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Ryan Patrick Krueger: Documents from the Closet

Jun 21, 2023Jun 21, 2023

In 1977, Hal Fischer unveiled the first iteration of his seminal photo-essay, “Gay Semiotics,” in San Francisco. Fischer’s project subverted structuralist frameworks of symbolism, assuming the role of the Castro district’s preeminent semiologist. Fischer surveyed the Castro locals, photographing asses spilling out of jeans, hirsute gays using nose-hair trimmers, fetishwear, and jewelry imposing the clinically drab language of semiotics onto what was once the world’s gayest neighborhood.

Nearly fifty years later, Ryan Patrick Krueger has drawn from Fischer and his contemporaries by refracting the history of masculinity through homoromantic ephemera they found on eBay. Krueger began their project, Documents in the Closet, in 2011, entering search terms like “gay interest” and “vintage gay photograph” and collecting the results. At TigerStrikesAsteroid’s Bushwick location, Krueger strings a loose narrative of tragedy around the room with their collages and sculptures. The project echoes Fischer’s experiments in sociology and anthropology through the 21st century visual language of online shopping and digital correspondence.

Across four wooden boxes, Krueger’s “Semiotics” series conveys a fragmented narrative, one whose linearity is thrown into question as Krueger incorporates his own digital presence. The chronology itself works backwards—in For My People (Semiotics #1) (2022), Fischer’s models are pictured in Levi’s, along with newspaper clippings of gay classified ads, and a David Wojnarowicz quote—“Killing time is killing people.” The quote invokes the terror of the 1980s when the AIDS crisis was at its height and the American government refused to act. Some of Kruger’s images obscure older photos of happy, young men embracing in military garb or dapper suits, the most tender moments lost to the cold lurch of human history.

In Dear David (Semiotics #2) (2022), Krueger pulls back that which obfuscates—the trauma of recent history. As though attempting an act of love across timelines, Krueger places his “gay interest vintage” finds from eBay along with their original listings and the attendant correspondences with Krueger. Most of the photos are similar—daguerreotypes and old negatives of two white guys in WASPy clothing, arm in arm, sometimes kissing the other on the cheek, though most of them just smile for the picture out of a necessary caution. As the “Semiotics” series continues, one encounters more diverse representations of gay people, which encourages consideration of the suppression of queer people of color within the historical record and the incredible lack of documentation regarding these communities. Krueger attempts to resolve these omissions, however one questions if Dear David doesn’t further contribute to the notion that these couples—white and WASPy—are the default perspectives of the Silent Generation’s queer community.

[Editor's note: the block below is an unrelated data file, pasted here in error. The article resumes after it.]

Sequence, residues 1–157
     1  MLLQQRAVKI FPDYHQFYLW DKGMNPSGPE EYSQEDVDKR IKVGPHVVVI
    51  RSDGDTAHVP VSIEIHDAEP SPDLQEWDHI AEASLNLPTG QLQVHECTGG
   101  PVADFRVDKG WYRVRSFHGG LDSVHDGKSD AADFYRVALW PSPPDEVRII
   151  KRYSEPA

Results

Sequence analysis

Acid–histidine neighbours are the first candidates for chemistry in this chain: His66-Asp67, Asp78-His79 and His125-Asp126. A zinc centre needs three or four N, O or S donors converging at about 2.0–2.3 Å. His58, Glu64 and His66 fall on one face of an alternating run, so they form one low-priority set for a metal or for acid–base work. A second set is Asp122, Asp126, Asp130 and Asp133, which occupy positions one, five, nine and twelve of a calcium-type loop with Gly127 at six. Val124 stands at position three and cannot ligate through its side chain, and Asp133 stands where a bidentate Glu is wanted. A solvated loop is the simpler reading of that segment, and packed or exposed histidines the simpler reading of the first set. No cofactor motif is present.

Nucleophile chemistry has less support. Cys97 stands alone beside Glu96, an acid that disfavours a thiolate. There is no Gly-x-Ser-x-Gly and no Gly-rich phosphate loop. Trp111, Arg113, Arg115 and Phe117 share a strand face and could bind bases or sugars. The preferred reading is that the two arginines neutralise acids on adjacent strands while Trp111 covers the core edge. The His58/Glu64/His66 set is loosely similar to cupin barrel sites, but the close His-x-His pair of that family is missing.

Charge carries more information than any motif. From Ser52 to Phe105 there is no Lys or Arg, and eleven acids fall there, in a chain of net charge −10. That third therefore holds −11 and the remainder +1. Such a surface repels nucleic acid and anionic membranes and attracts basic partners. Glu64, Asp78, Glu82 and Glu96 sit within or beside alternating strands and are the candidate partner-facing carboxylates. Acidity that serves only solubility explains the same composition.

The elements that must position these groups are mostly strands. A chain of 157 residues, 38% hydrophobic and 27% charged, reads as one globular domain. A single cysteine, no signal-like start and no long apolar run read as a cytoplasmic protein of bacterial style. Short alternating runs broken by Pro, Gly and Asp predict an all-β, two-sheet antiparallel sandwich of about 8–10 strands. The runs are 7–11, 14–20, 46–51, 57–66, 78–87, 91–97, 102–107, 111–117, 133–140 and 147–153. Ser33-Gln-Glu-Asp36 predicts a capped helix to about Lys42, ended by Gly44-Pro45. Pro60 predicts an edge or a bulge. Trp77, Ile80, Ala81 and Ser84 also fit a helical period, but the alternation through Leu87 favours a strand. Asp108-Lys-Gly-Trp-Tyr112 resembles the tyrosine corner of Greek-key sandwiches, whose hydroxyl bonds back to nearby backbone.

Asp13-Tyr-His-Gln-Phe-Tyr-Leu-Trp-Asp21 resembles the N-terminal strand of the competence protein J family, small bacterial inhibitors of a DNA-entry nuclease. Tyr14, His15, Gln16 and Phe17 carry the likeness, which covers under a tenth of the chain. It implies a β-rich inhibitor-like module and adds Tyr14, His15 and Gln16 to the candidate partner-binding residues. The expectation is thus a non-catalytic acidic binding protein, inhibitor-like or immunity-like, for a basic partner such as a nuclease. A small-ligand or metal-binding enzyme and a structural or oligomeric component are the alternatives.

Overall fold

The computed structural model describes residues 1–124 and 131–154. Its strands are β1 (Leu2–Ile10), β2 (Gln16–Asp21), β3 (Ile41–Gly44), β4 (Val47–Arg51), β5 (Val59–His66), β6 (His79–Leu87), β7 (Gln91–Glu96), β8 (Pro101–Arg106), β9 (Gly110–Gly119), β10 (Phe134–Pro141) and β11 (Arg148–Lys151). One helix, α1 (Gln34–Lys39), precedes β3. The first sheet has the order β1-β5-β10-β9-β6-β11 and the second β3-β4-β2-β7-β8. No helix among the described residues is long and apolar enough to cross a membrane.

Krueger widens the scope as the exhibition unfolds, instrumentalizing a vast queer history and personal archive to juxtapose the works of artists like Marlon Riggs and Wojnarowicz. They demonstrate the vexed relationship queer people have with American masculinity. Krueger grounds the wooden boxes with piles of black sand, reminiscent in shape to Félix González Torres’s tribute to his partner, Untitled (Portrait of Ross in L.A.)(1991), though unlike Torres’s candy mounds, these works are less mutable, dependent less on the audience’s interaction with them. Here, the piles give stability and a foundation to an otherwise unwieldy history.

Ryan Patrick Krueger’s Documents from the Closet may at times appear like bulletin boards, leaflets, and announcements that are thrown together in an almost haphazard fashion. It’s not. Krueger’s placement is insightful. Their inclusion of the diptych Tug (Year Book, 1961) (2023) with its obscured letterman jackets and anonymous figures points to a greater anguish that hides behind moments of play. Pictures fade behind flyers and in closets, thrown into a pitch black annal of history. Krueger’s work illuminates these moments, preventing them from falling into marginalia.

Joel Danilewitz is an art writer and production assistant at the Brooklyn Rail. He lives in New York.

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